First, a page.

House Judiciary Chairman Jerry Nadler admitted Sunday that the main reason House Democrats have been keeping impeachment-related issues out of the courts is that it would take too long.
Nadler spoke with CNN’s Dana Bash, who was guest-hosting “State of the Union” for Jake Tapper, about the most recent developments in the ongoing impeachment proceedings against President Donald Trump. (RELATED: Jerry Nadler Claims The Facts On Trump Impeachment Are ‘Undisputed’)
Bash pressed Nadler on the fact that House Democrats had not pushed harder to compel testimony from possible direct witnesses, such as White House Chief of Staff Mick Mulvaney, Secretary of State Mike Pompeo and former National Security Advisor John Bolton.
“But the Founders, who we heard a lot about in your committee last week, set up a third co-equal branch of government, the courts, to resolve differences like this but you have not tried to go to the courts to compel these witnesses to testify,” Bash began. “With something as grave and momentous as impeachment, why not?”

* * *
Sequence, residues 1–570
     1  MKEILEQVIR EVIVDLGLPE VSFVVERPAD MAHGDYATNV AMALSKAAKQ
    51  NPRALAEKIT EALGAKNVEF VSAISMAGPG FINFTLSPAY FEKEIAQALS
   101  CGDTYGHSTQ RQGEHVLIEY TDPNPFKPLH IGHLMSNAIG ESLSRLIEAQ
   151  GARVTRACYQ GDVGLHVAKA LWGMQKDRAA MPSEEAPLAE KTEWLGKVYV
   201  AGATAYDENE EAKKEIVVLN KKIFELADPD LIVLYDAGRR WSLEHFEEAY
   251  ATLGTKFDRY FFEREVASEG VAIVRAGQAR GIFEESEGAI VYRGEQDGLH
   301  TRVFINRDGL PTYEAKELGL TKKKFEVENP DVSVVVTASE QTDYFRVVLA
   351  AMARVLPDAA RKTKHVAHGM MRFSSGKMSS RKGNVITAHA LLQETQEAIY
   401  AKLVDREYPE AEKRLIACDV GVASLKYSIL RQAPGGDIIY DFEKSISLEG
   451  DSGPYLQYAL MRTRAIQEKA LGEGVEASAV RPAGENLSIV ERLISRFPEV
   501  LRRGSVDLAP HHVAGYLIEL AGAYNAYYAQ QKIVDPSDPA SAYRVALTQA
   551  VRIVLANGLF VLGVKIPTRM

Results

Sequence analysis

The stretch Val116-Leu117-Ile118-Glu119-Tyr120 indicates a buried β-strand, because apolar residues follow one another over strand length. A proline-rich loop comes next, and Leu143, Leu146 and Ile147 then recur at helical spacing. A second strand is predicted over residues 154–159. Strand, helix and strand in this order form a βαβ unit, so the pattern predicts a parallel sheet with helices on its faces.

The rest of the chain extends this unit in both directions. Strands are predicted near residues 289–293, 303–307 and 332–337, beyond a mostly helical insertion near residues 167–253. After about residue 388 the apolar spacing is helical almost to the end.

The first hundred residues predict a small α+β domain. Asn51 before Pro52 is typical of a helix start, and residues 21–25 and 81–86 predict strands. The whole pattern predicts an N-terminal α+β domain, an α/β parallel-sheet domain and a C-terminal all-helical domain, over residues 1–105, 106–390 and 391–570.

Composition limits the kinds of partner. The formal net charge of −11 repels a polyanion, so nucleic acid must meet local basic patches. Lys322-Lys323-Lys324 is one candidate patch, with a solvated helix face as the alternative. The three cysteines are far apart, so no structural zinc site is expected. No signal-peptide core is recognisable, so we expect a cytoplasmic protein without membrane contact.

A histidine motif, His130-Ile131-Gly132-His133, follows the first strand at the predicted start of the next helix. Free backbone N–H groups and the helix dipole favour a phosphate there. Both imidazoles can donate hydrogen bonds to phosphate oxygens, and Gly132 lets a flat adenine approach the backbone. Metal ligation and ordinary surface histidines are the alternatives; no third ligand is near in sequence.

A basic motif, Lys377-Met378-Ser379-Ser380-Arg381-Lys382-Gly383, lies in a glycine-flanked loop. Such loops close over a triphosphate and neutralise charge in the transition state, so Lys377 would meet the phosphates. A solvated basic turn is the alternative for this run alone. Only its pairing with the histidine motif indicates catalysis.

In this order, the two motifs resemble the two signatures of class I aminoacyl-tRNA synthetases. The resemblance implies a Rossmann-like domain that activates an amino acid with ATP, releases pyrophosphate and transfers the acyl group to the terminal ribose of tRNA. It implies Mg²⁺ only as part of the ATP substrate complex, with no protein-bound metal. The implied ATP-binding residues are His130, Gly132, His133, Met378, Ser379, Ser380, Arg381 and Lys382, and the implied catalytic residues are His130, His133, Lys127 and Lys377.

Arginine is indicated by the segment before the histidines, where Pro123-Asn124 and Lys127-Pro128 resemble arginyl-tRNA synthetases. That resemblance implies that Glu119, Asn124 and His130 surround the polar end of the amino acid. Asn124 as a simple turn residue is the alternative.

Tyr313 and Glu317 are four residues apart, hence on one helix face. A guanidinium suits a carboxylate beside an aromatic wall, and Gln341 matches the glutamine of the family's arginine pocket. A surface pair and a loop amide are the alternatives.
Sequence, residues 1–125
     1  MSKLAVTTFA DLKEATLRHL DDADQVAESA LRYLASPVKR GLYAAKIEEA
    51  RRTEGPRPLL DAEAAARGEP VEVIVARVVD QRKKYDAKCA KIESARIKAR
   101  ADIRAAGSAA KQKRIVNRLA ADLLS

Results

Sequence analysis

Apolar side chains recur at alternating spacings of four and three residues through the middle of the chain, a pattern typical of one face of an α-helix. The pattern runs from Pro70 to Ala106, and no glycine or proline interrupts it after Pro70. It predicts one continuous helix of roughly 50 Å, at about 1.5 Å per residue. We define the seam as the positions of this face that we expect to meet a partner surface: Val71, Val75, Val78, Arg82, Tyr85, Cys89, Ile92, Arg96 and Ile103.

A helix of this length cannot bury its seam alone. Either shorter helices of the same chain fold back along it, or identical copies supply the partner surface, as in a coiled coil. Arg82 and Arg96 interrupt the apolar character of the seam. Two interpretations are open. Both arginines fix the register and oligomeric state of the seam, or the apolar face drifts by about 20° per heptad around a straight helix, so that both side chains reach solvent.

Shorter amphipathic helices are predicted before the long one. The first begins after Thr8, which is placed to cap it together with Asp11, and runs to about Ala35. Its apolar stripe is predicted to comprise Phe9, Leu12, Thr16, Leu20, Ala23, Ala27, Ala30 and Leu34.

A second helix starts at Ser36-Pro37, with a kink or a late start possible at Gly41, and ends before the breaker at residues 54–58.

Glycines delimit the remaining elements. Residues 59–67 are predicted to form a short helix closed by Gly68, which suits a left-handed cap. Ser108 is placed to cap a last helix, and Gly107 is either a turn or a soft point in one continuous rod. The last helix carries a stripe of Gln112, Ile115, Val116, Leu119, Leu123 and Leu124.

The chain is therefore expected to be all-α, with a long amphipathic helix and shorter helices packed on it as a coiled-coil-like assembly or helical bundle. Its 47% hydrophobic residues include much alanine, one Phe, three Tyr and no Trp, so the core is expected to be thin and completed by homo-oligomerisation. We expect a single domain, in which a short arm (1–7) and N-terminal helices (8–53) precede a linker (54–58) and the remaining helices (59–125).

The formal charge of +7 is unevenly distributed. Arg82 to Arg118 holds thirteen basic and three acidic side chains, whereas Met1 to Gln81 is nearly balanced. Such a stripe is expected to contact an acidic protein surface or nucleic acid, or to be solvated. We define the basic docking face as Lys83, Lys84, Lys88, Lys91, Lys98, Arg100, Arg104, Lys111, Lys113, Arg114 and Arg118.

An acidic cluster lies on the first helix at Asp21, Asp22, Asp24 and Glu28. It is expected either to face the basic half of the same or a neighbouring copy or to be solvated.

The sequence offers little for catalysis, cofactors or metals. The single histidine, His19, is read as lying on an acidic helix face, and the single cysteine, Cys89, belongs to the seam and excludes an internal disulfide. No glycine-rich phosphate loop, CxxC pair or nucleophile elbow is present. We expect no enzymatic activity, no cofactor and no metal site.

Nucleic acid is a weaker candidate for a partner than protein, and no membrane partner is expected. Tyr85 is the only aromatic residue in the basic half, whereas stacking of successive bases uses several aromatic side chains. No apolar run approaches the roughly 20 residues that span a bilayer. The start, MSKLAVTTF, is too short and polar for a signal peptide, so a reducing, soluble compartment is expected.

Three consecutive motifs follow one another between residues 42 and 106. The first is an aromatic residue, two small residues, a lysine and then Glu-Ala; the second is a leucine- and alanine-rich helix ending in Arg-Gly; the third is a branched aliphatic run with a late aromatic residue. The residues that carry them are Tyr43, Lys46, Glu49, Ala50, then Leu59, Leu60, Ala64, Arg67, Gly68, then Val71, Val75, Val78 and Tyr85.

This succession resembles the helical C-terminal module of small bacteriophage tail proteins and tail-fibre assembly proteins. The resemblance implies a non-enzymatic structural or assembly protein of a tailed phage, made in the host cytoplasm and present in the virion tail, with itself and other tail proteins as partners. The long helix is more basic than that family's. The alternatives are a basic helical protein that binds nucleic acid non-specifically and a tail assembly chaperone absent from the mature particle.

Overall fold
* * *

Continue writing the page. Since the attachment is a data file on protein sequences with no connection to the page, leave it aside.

“Well first of all we have gone to the courts —” Nadler protested.
“Not on this issue,” Bash interrupted.
Nadler pushed back, saying that they had gone to the court over former White House counsel Don McGahn.
“But not on Ukraine and impeachment inquiry —” Bash responded.
“And what we have found is that the courts take months and months,” Nadler continued, arguing that Article 1 gave Congress the sole power of impeachment and that they shouldn’t be forced to rely on the courts.
“The president and the executive branch are duty-bound to cooperate with Congress in any legitimate inquiry and the president’s absolute failure to do so and defiance is an act against the separation of powers and against the constitutional scheme and shouldn’t require anything from the courts,” Nadler insisted, failing to address the fact that the White House has argued that the impeachment inquiry is illegitimate and has been using the court as a check against Congress for that reason. “Now the courts are a way to try to enforce this but much too slow of a way,” Nadler concluded.